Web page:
In April I like to re-visit Kavanagh’s seasonal yet perennial poem, The One. To my delight, it was quoted in full by the celebrant as a reflection at this morning’s Mass in the context of the return of swallow and cuckoo. These harbingers of Spring – in spite of the seemingly endless Winter – were signs of hope, the priest said, and Spring was further evidence of the wonder and beauty of the cycles of creation which we enjoy here in our ‘common home’ … echoes of Laudato Si’.
Being ‘of the land’, my thoughts went to the farmers of the country, who are currently suffering unprecedented hardship through fodder shortages, the absence of new grass, contraction in the agricultural sector, the buffeting of cold wind and rain forcing them to keep cattle indoors – all very worrying indeed and they may not be in any mood to listen to the Muse who, in this month of April, is:
‘Prepared to inform the local farmers
That beautiful, beautiful, beautiful God
Was breathing His love by a cut-away bog’.
And then I found my thoughts drifting go to the Emerging Concerns of our Congregation as we prepare for Chapter 2018 – our worries, our ‘fodder shortages’, the contraction of ‘our sector’, our lack of ‘new grass’, our being indoors because so many are no longer able to be the ‘walking nuns’ of yore … But April is here and the flowers and the birds are bravely returning in spite of the hardships and in their very existence look up ‘in the face of the One and the Endless’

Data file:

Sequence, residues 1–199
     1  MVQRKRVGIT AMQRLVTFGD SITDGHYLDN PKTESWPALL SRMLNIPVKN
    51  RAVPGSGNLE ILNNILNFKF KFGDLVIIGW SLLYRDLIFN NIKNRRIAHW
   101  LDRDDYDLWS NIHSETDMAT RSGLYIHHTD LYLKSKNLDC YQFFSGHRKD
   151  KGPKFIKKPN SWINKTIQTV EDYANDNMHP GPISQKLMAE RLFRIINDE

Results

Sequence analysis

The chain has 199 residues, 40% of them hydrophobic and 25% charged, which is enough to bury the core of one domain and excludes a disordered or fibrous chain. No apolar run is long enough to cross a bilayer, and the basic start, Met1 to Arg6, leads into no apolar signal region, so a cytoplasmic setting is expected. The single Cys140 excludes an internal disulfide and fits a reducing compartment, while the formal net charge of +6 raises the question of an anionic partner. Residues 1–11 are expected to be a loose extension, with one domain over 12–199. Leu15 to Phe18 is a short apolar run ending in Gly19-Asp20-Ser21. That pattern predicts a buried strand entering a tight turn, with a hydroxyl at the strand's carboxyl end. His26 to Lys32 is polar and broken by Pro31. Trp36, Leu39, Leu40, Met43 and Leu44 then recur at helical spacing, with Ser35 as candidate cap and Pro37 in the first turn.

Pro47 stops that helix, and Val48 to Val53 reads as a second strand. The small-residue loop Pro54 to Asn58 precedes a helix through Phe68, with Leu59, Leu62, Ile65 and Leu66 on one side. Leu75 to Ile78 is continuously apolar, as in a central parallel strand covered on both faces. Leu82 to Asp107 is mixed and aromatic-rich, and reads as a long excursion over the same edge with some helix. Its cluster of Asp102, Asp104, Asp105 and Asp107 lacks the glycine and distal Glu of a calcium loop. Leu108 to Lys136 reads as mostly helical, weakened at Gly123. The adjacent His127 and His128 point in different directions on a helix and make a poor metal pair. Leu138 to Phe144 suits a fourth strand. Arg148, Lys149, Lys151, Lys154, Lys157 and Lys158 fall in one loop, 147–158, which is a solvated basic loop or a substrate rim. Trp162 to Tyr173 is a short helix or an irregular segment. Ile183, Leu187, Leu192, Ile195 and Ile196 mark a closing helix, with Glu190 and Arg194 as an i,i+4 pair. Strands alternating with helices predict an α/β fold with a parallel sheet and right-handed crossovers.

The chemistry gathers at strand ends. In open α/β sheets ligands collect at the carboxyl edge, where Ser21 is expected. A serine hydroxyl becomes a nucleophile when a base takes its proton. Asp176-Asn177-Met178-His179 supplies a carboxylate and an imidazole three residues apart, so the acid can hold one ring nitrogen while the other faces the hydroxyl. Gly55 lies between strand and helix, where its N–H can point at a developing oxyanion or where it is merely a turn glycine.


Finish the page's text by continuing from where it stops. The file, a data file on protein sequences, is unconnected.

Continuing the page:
In the greater scheme of things we are, as congregation, living out our vision and mission guided by the values of the Gospel, spelled out in our Mercy Constitution and Policies, in a ‘…humble scene in a backward place where no one important ever looked’.
We too are ‘mostly anonymous performers’ but we know that God is with us ‘in the swamps and marshes’; in our inter-connected universe we too, with flowers and weeds, the cuckoo and the swallow, look up in the face of the same ‘One and Endless’
‘Sensational as April and almost incredible the flowering of our catharsis’; Kavanagh’s ‘catharsis’ or release – the easing of his despondency and anguish brought on by his struggle with lung cancer – was helped by his appreciation of the emergence of colourful new life around him in that April of 1954. He never lost faith with his God. May we too be able to put our ‘concerns’ in perspective, respectfully search together for our way forward, rejoice and be confident in God’s unfailing love as we move on to October’s ‘leafy yellowness’. In the meantime, the Chapter-time, the flowering of our ’catharsis’ might also be ‘sensational!
For the full text of the poems, The One, and October see Patrick Kavanagh: The Complete Poems, p.291
Canice Hanrahan rsm
South Central Province